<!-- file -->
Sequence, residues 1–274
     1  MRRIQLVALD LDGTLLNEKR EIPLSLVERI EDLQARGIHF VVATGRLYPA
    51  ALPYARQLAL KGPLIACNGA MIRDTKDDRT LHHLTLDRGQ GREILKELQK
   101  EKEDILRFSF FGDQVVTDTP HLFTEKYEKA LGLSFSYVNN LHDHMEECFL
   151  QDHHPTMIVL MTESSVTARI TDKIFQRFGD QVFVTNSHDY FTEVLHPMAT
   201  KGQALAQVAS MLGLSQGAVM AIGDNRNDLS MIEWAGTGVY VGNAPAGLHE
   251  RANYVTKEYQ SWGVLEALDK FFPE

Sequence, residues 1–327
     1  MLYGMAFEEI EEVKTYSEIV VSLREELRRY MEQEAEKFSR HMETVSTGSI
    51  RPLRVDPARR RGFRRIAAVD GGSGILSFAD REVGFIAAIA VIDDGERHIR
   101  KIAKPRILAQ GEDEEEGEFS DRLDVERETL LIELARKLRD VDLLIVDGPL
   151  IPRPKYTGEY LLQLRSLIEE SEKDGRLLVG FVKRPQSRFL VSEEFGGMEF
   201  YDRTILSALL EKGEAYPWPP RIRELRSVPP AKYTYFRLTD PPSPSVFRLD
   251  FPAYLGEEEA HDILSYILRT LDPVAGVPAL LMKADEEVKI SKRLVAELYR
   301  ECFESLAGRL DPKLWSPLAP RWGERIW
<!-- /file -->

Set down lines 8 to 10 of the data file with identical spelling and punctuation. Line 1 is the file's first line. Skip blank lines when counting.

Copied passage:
Sequence, residues 1–327
     1  MLYGMAFEEI EEVKTYSEIV VSLREELRRY MEQEAEKFSR HMETVSTGSI
    51  RPLRVDPARR RGFRRIAAVD GGSGILSFAD REVGFIAAIA VIDDGERHIR